Downtown East / North Loop Master Plan
Chapter Four: Land Use Plan
Chapter Four of the Downtown East/North Loop Master Plan presents a Land Use Plan for the Project Area. The Land Use Plan is a refinement of the existing land uses in Downtown East and the North Loop – one that seeks to address the modifications necessary to forge Complete Communities in the districts peripheral to the Downtown Core.
Chapter Four begins by envisioning the Project Area as thirteen smaller districts or precincts, each of which is the basis for developing a Complete Community. The second part of the chapter summarizes the development and public presentation of three different land use scenarios that were compiled in order to discuss three different paths of growth and change that might be pursued: decentralization of the existing downtown core, continued centralization of the existing downtown core, and expansion of the existing downtown core. The third and main piece of the chapter is a detailed description of the Recommended Land Use Plan and what it looks like on a precinct-by-precinct basis.
The Consultant Team learned early on in the process that Downtown East and the North Loop are not simply single-use development districts. After conducting field work and preliminary analysis of the Project Area, the Consultant Team determined that in order to realize new neighborhoods and in order to enhance the neighborhoods that already exist in Downtown, it was necessary to break the large portions of the Project Area into smaller "Development Precincts" (see Figure 4.1). Currently, most development precincts contain a series of often-dissimilar sub-districts – some commercial, others residential, some have pieces of both. But over time, each precinct has the potential to become a Complete Community, one that is internally self-reliant while simultaneously being part of a larger family of Downtown neighborhoods. In the meantime, the formulation of "Development Precincts" creates a unit of analysis that supercedes block-by-block analysis, but is more discrete than existing neighborhood boundaries. Similarly, in formulating the collection of Development Precincts, the Consultant Team created a series of lenses through which to look at and develop several different alternatives for how land uses should be organized. Finally, and most importantly, disaggregating the Project Area into smaller pieces allows the City and the development community to be more focused and more strategic in pursuing new projects.
At the outset of the project, one of the City’s directives was to develop two or more land use scenarios for how growth and change in Downtown should occur. This directive resulted in the production of three different land use scenarios for the Project Area, each of which takes a different approach towards the relationship between the Downtown Core and its impact on neighboring areas in Downtown East and the North Loop. At issue was whether or not the City’s traditional Downtown Core should continue to be the hub of future, Class-A commercial office development, or whether new, high-intensity commercial office development should be channeled into new – albeit smaller – office districts focused around specific rail transit stations outside of the existing core.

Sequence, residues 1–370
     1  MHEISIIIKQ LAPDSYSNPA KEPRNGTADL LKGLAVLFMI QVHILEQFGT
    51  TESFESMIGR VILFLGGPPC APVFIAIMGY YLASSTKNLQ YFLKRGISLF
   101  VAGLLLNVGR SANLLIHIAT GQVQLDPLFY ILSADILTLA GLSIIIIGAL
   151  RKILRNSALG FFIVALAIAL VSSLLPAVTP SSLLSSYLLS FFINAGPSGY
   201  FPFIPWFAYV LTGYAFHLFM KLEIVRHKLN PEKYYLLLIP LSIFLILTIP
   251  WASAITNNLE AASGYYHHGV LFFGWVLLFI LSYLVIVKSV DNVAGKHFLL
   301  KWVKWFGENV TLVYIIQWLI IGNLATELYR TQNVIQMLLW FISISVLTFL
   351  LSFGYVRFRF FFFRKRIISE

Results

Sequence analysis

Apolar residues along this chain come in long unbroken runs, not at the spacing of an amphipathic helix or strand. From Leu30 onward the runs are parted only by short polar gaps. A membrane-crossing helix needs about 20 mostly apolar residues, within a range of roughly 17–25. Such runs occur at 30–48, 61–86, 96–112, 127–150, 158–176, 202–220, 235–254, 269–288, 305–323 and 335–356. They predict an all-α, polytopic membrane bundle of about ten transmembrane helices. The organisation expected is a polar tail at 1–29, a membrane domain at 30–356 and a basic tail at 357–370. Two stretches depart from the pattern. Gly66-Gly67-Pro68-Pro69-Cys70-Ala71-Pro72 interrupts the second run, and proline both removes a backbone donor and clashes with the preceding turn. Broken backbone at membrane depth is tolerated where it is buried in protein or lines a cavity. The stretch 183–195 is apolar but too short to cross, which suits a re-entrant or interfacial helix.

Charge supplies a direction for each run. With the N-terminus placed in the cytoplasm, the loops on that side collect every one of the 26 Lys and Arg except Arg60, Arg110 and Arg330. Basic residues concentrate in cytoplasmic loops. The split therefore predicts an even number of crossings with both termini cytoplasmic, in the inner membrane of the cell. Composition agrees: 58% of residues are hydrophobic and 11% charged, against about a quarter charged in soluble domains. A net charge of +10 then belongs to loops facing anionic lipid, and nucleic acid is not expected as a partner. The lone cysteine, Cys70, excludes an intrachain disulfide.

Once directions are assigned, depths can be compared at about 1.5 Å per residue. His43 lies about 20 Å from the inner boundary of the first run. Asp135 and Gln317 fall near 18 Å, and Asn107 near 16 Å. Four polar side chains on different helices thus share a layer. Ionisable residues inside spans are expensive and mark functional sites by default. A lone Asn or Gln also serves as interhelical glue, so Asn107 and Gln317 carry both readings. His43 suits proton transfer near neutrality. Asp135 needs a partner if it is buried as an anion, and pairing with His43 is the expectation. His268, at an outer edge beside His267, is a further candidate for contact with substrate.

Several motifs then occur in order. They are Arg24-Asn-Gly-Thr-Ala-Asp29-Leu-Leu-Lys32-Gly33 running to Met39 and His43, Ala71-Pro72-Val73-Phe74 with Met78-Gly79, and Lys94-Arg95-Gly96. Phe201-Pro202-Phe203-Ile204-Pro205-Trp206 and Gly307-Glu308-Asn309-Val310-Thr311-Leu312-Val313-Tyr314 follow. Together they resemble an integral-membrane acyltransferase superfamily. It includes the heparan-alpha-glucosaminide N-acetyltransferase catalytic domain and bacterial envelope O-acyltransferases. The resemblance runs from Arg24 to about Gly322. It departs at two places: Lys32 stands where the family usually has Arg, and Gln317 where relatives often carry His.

In working through the issue, it became readily apparent that the two districts adjacent to the existing core – Downtown East and the North Loop – couldn’t responsibly be looked at in isolation. Rather, they should be looked upon as "development pairs" in relation to their potential impact on the existing Downtown Core and vice versa. In addition, each of the scenarios considered what land uses would look like in conjunction with two issues related to downtown stadia: whether or not a Baseball Ballpark would be built over the Rapid Park site in the North Loop, and whether or not the Metrodome would still be needed twenty years from now. Maps and graphics for each of the three land use scenarios were prepared for use at public open houses held during the course of the study. They outline in detail, the variety of development alternatives considered. Each strategy was discussed in detail, and comment was solicited through the course of the public meeting process. A short overview of the key features of each scenario follows:
Land Use Alternative 1 – Decentralization of the Existing Core: The first scenario features significant intensification of commercial office development in both Downtown East and the North Loop. New nodes of commercial office development would be built in the areas immediately adjacent to the Downtown East LRT station and the proposed site for the Multi-Modal Station in the North Loop. By focusing future development in these two areas, any change to the existing Downtown Core would be limited to the area within its current boundaries. Ultimately it was determined that creating new high-intensity satellite office districts outside of the existing core would "water-down" the economic power and special character of the existing core.
Land Use Alternative 2 – Centralization of the Existing Core: The second scenario features a moderate level of commercial office development in both Downtown East and the North Loop. Similar to Alternative 1, growth would be focused on rail transit stations, but it would be less intensive than what was contemplated in the first alternative. The key feature of the second scenario is the proposed relocation of the Multi-Modal Rail Station to the block bounded by Hennepin Avenue, First Avenue North, North 5th Street and North 6th Street. The intent was to develop a rail station that is directly adjacent to the existing core and – as a means to compliment that development location – intensify uses within the existing core. The existing core would absorb most future development, while only modest growth would be allowed outside the core. This scheme was considered unworkable because it created too little space to accommodate the level of expansion in the office sector that is predicted in the market analysis.